2. It hadn't entered my mind to compare The Kite Runner, and though I would say that Meet the Spartans is a more self-aware film, its offenses aren't nearly as great in my mind, just silly humor and limp parody. As for Hosseini's book, I plan to read it soon, as it is supposed to be excellent. Unfortunately, though, I don't seen much in the way of great performance or (especially) direction here. It all just felt whitewashed to death, like something primmed for display in Times Square. Your words are appreciated greatly, though. At times, the comments are all that keep me going.

    1. First let me say how much l enjoyed your use of the language. It is something l admire and aspire to. As I am writing this on a cell phone you will have to cut me some slack.

      Here's my take on the film. There is a great story there, but it is still waiting to be told.. Whatever it was it didn't make it into the film. It definitely didn't sing. I don't know if I'll find that in the book or not, but there's a story there worth telling worth hearing, and worth seeing.

  3. Anonymous9:15 PM

    Perhaps that's why no one else has commented.

  4. How asinine of you. I'd actually be compelled to thank you for the inspiration given to me by a previous comment of yours (specifically, the realization that I need to tame my bitchiness and unintended-ego worship), but the problem with you anonymous chickenshits is that there's no way to tell you apart. In other words, you may as well all be the same. And now I quote James Caan from Thief: "Big. Ass-hole."

  5. I just watched the movie and am deeply moved.

    The movie is not about reproducing history nor the original book. It has to choose a viewpoint to retell the story. That I think it did superbly, mostly from the viewpoint of Amir.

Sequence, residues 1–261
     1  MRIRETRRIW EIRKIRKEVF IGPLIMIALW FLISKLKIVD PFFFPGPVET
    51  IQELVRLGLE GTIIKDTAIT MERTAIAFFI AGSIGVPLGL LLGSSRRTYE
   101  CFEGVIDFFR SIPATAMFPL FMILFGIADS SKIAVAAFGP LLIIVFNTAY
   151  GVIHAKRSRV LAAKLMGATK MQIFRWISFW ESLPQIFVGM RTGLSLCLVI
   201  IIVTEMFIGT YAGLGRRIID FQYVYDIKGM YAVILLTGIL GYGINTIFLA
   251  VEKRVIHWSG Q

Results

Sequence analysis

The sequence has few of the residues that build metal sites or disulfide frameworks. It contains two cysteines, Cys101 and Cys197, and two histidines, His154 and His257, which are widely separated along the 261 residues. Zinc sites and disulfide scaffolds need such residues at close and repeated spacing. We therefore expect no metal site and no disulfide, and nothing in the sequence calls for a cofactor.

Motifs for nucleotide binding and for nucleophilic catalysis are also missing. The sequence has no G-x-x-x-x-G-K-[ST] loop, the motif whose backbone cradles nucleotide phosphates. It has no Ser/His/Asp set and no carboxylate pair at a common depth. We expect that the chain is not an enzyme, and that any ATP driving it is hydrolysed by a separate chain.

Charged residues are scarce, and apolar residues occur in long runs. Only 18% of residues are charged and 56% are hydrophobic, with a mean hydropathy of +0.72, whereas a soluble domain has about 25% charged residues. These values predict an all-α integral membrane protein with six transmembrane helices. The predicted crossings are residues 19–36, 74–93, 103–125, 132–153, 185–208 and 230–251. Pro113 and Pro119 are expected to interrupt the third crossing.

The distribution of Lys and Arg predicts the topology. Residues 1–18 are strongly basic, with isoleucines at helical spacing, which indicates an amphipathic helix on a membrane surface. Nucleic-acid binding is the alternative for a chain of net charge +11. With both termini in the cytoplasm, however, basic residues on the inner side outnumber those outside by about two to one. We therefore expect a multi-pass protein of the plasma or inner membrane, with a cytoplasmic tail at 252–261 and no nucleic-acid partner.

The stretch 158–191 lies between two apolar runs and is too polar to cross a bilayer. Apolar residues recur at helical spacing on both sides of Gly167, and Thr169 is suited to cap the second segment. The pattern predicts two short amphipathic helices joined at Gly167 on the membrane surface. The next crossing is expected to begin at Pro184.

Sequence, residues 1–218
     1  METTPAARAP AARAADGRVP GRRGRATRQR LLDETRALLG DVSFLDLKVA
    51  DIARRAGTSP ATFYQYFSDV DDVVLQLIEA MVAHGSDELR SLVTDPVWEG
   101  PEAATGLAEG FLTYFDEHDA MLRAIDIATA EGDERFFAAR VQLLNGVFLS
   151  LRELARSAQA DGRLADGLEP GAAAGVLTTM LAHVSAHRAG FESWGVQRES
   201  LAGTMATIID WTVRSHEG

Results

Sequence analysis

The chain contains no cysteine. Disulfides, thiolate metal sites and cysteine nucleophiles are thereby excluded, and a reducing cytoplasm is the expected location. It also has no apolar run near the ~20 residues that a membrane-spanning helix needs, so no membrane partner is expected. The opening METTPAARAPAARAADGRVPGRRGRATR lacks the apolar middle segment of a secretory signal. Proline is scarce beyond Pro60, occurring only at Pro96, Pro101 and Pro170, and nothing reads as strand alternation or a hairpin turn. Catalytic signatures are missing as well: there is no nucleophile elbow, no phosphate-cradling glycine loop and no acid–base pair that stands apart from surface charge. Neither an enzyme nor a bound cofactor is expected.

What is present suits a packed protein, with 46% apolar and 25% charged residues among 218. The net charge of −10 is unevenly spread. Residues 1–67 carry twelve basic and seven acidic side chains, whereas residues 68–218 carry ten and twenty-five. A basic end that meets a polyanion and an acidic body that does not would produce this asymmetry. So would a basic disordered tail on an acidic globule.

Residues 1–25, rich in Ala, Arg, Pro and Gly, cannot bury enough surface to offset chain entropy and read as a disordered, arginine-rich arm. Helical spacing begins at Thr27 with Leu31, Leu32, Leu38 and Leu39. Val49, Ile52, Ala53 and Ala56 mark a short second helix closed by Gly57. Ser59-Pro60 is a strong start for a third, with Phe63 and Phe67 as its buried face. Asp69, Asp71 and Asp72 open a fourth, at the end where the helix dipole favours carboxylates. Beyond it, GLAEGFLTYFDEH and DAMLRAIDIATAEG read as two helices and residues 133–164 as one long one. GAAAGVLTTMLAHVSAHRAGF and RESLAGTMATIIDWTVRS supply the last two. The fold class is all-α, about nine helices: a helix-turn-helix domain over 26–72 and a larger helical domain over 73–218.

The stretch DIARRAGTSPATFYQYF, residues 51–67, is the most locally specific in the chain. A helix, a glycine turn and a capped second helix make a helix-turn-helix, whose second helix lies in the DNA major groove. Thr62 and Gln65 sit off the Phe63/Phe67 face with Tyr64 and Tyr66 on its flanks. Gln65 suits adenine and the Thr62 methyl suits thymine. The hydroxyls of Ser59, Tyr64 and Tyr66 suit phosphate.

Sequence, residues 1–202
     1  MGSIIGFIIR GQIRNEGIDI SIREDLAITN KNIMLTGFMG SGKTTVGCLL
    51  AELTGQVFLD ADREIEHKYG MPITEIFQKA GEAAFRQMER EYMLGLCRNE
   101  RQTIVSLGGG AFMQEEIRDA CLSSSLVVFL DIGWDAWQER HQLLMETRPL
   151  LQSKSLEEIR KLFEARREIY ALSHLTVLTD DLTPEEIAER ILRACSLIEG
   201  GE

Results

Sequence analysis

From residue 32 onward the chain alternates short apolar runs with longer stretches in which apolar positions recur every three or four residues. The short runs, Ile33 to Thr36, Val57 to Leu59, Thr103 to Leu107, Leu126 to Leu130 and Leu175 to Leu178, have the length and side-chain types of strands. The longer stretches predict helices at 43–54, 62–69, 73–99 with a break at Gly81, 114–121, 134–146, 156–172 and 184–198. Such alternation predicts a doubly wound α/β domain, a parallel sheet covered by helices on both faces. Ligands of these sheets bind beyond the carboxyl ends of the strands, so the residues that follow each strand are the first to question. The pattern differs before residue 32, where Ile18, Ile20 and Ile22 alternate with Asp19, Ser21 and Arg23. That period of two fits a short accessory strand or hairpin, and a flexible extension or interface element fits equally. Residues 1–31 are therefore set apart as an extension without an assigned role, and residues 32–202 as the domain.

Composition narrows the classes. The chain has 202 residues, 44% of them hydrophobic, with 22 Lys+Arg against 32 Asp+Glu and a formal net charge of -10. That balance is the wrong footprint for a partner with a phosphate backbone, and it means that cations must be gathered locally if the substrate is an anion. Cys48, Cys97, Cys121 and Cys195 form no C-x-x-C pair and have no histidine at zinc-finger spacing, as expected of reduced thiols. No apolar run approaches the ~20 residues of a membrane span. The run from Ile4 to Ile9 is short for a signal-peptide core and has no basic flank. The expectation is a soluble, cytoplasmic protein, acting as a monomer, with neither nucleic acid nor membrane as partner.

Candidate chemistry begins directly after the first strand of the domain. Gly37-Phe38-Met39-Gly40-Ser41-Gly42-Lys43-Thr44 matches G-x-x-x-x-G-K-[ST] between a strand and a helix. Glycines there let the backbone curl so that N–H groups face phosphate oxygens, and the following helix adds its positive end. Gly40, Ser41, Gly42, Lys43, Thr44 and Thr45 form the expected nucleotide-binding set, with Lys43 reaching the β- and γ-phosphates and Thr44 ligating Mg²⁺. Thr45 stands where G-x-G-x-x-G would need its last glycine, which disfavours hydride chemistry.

I don't think a dry, facts-loaded movie about Afghanistan can move me to the level "The Kite Runner" has managed to. That is what art can do through its subtlety. The kite-flying scenes were symbolic and highly contrasting. I think those were the points you missed.

    (I grew up in Taiwan in a era when the memory of white terror was still fresh. So please believe me I take no pleasure in smooth-taking terror and oppression in abstract forms).

  6. Facts, shmacks. My extensive problems with The Kite Runner have less to do with literal details than they do with whitewashed feelings and expressions, and the reduction of such to their LCD's for mass entertainment. I think Forster is one of our most mind-numbingly literal directors currently working (only Ron Howard comes to mind as being more offensive), his movies never more than a foot away from some poorly conceived fantasy land that doesn't seem the least bit rooted in a place I call Earth. Like what you want -- my gag reflex has had enough of his shrill life lessons and fakey profundities.

  7. Anonymous3:34 AM

    I greatly appreciate your insights on The Kite Runner. Your review articulates the general sense of malaise and frustration I felt while watching this movie. As for the book, it is "supposed to be phenomenal", but I must say like the movie, the language is largely dumbed down, and any attempt the author makes at similie, metaphor or irony, he makes sure to explain and point out to death, not trusting his audience to draw their own conclusions/make their own connections. Still it tells an important story, but just because a person has a good story, doesn't mean they know how to tell it well. Good work, I look forward to reading further postings of yours.